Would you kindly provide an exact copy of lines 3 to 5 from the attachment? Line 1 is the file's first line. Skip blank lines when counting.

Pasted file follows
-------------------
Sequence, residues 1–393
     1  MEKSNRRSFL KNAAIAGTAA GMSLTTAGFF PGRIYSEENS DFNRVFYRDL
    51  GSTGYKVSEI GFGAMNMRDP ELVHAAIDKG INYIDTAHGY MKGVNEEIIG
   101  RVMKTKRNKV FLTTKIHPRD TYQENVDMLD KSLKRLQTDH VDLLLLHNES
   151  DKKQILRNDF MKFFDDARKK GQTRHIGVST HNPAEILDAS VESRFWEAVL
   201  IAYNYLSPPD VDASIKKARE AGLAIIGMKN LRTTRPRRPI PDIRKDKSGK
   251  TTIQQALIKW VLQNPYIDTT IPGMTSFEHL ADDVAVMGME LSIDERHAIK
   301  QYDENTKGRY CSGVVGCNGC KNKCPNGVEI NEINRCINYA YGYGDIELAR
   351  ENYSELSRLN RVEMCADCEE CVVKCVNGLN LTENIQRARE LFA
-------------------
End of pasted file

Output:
    51  GSTGYKVSEI GFGAMNMRDP ELVHAAIDKG INYIDTAHGY MKGVNEEIIG
   101  RVMKTKRNKV FLTTKIHPRD TYQENVDMLD KSLKRLQTDH VDLLLLHNES
   151  DKKQILRNDF MKFFDDARKK GQTRHIGVST HNPAEILDAS VESRFWEAVL